Amazon is a business giant. Whichever way you look at it, the company creates a lot of wealth for a lot of people. Entrepreneurs looking for business ideas could do worse than aligning themselves with Amazon’s methods. Within Amazon’s various products there are opportunities for new businesses. Each requires an idea, a solid execution phase and an owner with a keen eye for progress.
Ryan Carroll skipped college and the traditional 9-5 and instead started building Amazon stores. Within a matter of years, he was generating millions of dollars in sales and he’s still only 26. After his friends started asking him to build their stores too, he realized that they didn’t actually want to own their own store, they just wanted to make money. He founded his business, Wealth Assistants, to help them do this.
Carroll now utilizes his experience, assets and knowledge to help his investor clients (many of whom are friends) escape the rat race, beat traditional investment returns and build new streams of passive income, From first-hand experience of securing returns for his clients, here’s how Carroll advised you can leverage Amazon for passive income, without starting your own store.
Invest in a store
Having all of the benefits of ownership with none of the hassle of looking after a store, Carroll said investing in a store is one way forward. Here’s where you, “find an up-and-coming store, reach out to the owners, and offer a win-win proposal they can’t refuse.” Amazon store owners have already gone through the process of starting up, of trialing and erroring, and the steep learning curve that entails. “When you invest you are effectively buying that learning curve.”
Your strategy could be to invest in several in different industries or choose the same industry to hedge your bets among competitors. Find up and coming stores by taking note of Amazon’s rankings. Look for new entrants and novel products and see when they were listed and what their reviews look like. “Products with sudden growth spurts might be listed by owners looking for investment in order to scale faster.”
Join up with friends
Take strategy number one even further by starting your own fund and joining up with friends to invest in multiple stores. “When you find the right people to work with, you can buy existing stores that match your interests or would benefit from your network,” said Carroll. “With the right team of investor partners, you might even find that you do want to start a store, because your unique insights, skills and contacts could make it a huge success.”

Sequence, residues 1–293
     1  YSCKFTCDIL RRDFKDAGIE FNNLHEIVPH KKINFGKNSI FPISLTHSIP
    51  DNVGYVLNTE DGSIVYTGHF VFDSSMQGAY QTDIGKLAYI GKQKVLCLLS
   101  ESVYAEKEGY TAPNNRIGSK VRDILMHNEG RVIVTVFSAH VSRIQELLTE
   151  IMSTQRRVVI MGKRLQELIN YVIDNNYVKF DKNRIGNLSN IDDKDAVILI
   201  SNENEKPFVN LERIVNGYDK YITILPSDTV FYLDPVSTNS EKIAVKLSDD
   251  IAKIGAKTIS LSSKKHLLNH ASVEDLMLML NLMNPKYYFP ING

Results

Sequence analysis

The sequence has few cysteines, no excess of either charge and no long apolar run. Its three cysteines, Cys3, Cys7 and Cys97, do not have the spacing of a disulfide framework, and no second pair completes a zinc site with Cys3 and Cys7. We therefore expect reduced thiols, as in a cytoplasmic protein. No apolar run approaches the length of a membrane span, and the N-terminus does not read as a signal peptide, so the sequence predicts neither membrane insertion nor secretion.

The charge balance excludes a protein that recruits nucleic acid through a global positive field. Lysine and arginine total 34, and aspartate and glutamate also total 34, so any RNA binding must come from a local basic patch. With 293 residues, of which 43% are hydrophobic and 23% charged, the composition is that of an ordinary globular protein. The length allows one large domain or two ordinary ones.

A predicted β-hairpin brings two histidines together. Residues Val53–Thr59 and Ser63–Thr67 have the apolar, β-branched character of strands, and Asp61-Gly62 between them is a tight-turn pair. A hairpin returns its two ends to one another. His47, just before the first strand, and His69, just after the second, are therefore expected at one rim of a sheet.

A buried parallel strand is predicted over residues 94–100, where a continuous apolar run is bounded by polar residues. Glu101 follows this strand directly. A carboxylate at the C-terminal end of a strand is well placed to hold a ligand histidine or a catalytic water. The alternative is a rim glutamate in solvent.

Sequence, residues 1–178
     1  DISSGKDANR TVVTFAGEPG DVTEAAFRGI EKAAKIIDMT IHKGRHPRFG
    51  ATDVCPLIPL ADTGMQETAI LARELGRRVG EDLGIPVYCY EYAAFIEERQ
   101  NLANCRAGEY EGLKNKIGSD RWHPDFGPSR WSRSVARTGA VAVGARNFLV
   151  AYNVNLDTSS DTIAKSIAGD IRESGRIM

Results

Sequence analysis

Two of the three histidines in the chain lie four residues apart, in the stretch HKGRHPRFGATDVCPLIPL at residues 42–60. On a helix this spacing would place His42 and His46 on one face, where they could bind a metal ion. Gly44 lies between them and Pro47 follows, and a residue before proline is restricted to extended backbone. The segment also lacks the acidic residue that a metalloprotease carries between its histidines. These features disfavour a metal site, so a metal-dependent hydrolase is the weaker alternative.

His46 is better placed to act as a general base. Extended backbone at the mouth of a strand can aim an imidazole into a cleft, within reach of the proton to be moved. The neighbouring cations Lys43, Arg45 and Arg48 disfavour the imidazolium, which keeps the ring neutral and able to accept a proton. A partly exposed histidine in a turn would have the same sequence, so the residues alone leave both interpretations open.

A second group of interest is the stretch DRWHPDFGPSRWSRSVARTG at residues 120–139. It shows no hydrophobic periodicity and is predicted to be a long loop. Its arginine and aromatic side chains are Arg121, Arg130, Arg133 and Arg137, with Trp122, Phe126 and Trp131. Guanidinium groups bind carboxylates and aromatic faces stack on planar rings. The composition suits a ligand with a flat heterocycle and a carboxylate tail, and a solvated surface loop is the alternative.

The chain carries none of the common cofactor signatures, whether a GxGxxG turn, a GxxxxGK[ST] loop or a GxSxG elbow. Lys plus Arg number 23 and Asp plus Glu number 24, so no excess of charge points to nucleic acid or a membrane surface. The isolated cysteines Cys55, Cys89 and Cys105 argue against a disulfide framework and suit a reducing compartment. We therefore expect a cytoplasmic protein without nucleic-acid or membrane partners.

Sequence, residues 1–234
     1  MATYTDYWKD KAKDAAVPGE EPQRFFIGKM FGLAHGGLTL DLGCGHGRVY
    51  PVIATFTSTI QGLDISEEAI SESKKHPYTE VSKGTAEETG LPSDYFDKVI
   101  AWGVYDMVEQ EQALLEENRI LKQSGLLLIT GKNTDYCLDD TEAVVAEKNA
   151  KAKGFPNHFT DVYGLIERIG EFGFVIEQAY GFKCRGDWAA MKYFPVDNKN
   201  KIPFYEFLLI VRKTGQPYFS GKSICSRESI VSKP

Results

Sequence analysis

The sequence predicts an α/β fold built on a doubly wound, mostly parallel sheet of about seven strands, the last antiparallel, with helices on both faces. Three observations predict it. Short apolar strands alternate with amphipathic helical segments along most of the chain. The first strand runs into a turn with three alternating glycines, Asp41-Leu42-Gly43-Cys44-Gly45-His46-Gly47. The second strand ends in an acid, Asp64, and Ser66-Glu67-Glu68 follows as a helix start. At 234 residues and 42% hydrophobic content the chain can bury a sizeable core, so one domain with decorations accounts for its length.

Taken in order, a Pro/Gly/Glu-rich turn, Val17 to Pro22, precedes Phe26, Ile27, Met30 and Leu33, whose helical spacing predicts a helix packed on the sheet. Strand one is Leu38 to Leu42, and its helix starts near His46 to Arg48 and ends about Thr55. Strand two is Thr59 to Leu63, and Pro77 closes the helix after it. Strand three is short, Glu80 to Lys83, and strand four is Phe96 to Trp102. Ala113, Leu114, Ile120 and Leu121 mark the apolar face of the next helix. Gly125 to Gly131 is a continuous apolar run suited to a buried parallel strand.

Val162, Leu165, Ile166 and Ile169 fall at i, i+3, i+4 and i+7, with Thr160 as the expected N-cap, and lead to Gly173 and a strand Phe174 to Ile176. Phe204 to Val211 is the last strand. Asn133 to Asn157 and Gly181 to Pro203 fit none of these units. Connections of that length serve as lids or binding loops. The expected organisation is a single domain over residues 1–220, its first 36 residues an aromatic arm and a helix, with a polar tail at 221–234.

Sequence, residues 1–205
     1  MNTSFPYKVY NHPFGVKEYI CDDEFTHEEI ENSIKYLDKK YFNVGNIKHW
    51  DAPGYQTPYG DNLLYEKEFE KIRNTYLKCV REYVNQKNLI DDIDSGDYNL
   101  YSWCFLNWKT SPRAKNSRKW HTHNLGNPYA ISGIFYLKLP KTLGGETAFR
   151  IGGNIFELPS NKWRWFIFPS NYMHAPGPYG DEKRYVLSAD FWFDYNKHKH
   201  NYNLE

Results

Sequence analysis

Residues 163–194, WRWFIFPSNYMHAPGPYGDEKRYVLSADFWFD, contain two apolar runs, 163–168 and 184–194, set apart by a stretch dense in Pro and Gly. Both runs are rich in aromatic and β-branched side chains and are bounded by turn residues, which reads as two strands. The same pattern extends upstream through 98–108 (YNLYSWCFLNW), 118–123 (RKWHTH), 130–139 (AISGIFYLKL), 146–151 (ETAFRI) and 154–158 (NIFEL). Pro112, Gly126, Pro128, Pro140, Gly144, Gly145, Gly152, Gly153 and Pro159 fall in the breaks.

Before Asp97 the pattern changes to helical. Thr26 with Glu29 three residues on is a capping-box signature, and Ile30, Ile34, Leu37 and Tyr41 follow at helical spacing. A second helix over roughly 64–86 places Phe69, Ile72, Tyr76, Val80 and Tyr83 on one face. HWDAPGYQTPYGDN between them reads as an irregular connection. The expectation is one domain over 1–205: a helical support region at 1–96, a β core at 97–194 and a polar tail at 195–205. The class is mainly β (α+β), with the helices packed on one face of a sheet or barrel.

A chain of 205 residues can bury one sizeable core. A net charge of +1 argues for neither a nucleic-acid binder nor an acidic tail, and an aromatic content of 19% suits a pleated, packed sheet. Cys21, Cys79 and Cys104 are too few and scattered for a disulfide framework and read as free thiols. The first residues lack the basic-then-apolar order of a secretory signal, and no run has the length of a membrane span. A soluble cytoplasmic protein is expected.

Reach out to friends with an interest in investing and tell them your idea. “You’ll need to plan your strategy in advance to get them on board,” advised Carroll. “Know the size of the fund you intend to raise, your strategy for researching and approaching, and the criteria you will set to find stores that fit.” Involve investors early on and let their insights shape the way forward you take together.
Invest in a fund
As Amazon’s influence grows, so does the number of products and stores on the platform and the number of investment funds available for people wanting to share in the winnings. There are funds for specific industries, for specific type of stores or products. Many of the funds are actively buying up stores on Amazon, thereby growing in size and spreading their risk. The upside for investors can be high. “By investing in funds, you can collect monthly income without doing any work,” said Carroll. “It also allows you to expand your e-commerce portfolio much quicker.”
Although the terms of specific funds will vary, many offer monthly or yearly payouts, so your cash isn’t tied up indefinitely. Some offer a money-back guarantee. Your capital is, of course, at risk, so conduct extensive research before you begin. Meet the team, look at their past results and speak to other investors of the fund to work out if it’s the right move for you.
Provide seed funding for a startup
Investing in a store, investing with friends and investing in a fund each place your dollars into existing stores. The first two methods involve you doing a lot of research to find the right stores, the third involves you doing a lot of research to find the right fund. There’s a fourth way that might be up your street. Carroll explained that you could, “provide seed funding for a startup,” a plucky entrepreneur in the early stages of their Amazon empire. Using this method, you “work with new entrepreneurs who have created their business plan, conducted the market analysis, and are confident in the potential of their products.”
Rather than finding a store to invest in, this way involves, “finding entrepreneurs and investing in their ideas.” From here, the business owners are in charge of setting everything up, “but they are incentivized to achieve their goals and generate return on your investment.” Carroll said that although this way still comes with risk, and is probably the most risky of all the options, it can be a huge win for all involved and these people are out there. Find them at networking events, through friends-of-friends. Set up a landing page or add a post on LinkedIn. “Finding the right individuals early in their career can mean that as their expertise, confidence and Amazon business grow, so does your investment.”
Whether investing in a store, investing with friends, investing in a fund or providing seed funding for a budding Amazon entrepreneur, there are plenty of ways to make money on Amazon without opening your own store. Instead, you take the money you would have spent on branding, research, products and operations and entrust someone else with it, after careful vetting of their practices. If you’re looking for a hands-off way of placing bets and potentially winning big, there might be an option for you here.